I like to make pictures. That’s my main focus as an artist but what does it mean? I contemplate that a lot. What does it mean to make a drawing, painting, or even a photograph? It’s one of those questions that really doesn’t have an answer but I try to dig through the reasons I like to do something and I also like to dig through the reasons that I like a picture I make when it comes out well.

I used to spend more time studying why a piece of art didn’t come out well but I don’t do much of that anymore. I think that’s an exercise that’s better for young artists. Once you reach a certain skill level and have confidence that you can make a good picture then you’re better off analyzing and applying those skills. As an artist gets better fewer pictures are failures and it’s better to move on from failures quickly. After all by that time you should have the confidence to know the next one will be better.

I’ve also had to learn the difference between a bad picture I made and one that I just don’t like very much. The difference is that a bad picture is a struggle and when it’s done, or more likely abandoned, I can see its problems. That’s all I can see. So can most other people. A picture I just don’t like is one that doesn’t move me. What I made wasn’t what I wanted to make but it’s still done well. I have to accept that even though I don’t like it other people might like it. That’s a weird thing. I put in the failure pile but someone else tells me it’s amazing. In my younger days I’d tell them they were wrong but I’ve learned over the years not to say that anymore. Then genuinely like it and see something in it that I miss and there is no reason for me to spoil that. It’s egotistical of me to try to spoil their enjoyment.

I like to make original images that no one has ever seen before. That’s a tall task and, if I may complain for a moment, a bit of a thankless one. Most people don’t have a fondness for original images. We live in a society where big companies work hard and spend a lot of money trying to get people’s attention and entertainment dollars. And for the most part they are very good at it. As a consequence most people have characters and images they’ve loved for years. People love Mickey Mouse even though he hasn’t been anything but a corporate image for years and years. Put one of my images next to Mickey Mouse and way more people (maybe all of them) will be interested in the mouse. That’s the way it goes.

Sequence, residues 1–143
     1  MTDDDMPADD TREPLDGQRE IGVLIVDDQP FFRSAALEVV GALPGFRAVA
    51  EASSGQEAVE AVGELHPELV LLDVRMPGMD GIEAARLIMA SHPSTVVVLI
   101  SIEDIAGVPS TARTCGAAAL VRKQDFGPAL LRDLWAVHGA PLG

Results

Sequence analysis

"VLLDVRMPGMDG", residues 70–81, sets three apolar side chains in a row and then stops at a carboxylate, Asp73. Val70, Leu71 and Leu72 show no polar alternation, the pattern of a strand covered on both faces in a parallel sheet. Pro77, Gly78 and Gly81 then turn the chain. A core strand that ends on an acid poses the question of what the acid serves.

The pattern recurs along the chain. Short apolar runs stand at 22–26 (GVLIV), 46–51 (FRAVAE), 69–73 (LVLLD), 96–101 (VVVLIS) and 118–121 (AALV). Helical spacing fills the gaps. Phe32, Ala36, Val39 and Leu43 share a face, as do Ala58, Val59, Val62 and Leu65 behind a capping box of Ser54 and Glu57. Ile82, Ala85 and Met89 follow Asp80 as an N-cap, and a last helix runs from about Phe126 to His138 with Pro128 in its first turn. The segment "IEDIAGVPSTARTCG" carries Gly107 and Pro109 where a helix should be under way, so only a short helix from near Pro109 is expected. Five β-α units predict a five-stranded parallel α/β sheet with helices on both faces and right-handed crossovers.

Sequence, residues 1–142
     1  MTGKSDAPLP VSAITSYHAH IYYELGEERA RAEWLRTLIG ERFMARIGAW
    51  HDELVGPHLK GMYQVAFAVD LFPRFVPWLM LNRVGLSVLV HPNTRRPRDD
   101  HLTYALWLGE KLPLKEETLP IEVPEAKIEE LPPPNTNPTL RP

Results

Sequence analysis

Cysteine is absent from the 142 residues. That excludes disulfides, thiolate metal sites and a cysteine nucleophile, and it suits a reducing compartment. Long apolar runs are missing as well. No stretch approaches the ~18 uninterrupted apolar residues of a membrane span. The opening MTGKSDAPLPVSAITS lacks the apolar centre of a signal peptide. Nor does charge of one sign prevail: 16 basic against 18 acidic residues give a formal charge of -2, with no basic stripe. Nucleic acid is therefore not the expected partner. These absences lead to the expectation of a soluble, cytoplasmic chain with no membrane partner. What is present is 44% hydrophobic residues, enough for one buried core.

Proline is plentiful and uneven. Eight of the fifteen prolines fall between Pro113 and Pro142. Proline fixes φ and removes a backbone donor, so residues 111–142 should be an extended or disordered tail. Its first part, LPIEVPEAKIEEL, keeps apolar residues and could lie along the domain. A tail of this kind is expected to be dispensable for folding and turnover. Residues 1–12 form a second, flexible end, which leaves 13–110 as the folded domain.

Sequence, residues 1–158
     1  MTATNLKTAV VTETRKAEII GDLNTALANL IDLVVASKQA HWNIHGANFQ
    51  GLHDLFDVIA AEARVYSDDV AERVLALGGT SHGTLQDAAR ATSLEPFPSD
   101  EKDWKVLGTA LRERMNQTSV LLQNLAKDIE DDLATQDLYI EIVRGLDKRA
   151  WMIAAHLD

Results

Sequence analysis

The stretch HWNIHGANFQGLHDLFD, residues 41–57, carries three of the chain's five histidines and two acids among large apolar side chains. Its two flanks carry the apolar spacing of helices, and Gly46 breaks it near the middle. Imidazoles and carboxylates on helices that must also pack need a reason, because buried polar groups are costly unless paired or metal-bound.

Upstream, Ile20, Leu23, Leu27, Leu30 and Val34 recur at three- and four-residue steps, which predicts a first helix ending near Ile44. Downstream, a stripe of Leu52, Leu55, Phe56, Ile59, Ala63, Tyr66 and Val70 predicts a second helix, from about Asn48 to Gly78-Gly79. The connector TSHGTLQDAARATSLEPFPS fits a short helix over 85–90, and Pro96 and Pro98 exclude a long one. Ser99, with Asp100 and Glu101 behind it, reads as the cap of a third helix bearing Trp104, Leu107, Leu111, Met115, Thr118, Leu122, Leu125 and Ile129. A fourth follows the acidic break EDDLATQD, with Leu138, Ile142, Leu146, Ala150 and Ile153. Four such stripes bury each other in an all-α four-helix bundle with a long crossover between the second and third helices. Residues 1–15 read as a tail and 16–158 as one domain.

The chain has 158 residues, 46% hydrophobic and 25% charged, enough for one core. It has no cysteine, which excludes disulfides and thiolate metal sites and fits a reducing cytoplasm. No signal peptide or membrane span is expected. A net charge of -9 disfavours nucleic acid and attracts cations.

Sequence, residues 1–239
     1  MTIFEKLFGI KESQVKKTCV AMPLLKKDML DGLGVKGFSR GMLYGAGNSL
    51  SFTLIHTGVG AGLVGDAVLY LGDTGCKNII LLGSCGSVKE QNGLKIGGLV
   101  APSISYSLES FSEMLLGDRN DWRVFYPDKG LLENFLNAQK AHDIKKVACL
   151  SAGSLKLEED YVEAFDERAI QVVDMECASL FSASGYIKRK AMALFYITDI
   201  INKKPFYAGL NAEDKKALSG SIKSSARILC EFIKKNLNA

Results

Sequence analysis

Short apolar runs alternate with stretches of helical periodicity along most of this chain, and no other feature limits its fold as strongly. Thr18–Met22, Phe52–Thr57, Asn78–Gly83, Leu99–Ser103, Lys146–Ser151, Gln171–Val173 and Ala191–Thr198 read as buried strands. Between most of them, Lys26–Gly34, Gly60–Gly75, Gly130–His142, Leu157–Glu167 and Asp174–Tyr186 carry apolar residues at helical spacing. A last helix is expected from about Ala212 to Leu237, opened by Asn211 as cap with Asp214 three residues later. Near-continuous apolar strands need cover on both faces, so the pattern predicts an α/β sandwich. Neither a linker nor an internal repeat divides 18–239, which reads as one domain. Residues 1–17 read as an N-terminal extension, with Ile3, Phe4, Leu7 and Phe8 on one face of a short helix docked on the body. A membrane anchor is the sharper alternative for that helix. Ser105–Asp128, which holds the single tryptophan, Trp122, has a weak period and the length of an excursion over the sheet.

Being a comic book fan I occasionally draw other people’s characters but not that often. I’ve drawn a few comic book covers of Spider-Man, Batman, the Avengers, and others but not many. I’ve also draw an bunch of Marvel and DC superhero art cards but way more of my own art cards. I draw the superheroes to try and get a little bit of attention but it doesn’t usually work. It’s tough drawing a picture of Batman because you’re competing with a lot of good Batman drawings that artist have been doing for decades. But it does have its advantages.

I consider making a Batman drawing to be like celebrity photography. Taking a picture of a celebrity means that more people will look at it and like it than if the photo was of any old person. We all have favorite pictures of out favorite celebrities but is the picture really any good? A picture of a person who interests us is almost automatically more interesting to us than a picture of an unknown subject. How do we know if we really like the picture or the subject of the picture? It’s tough to know for sure.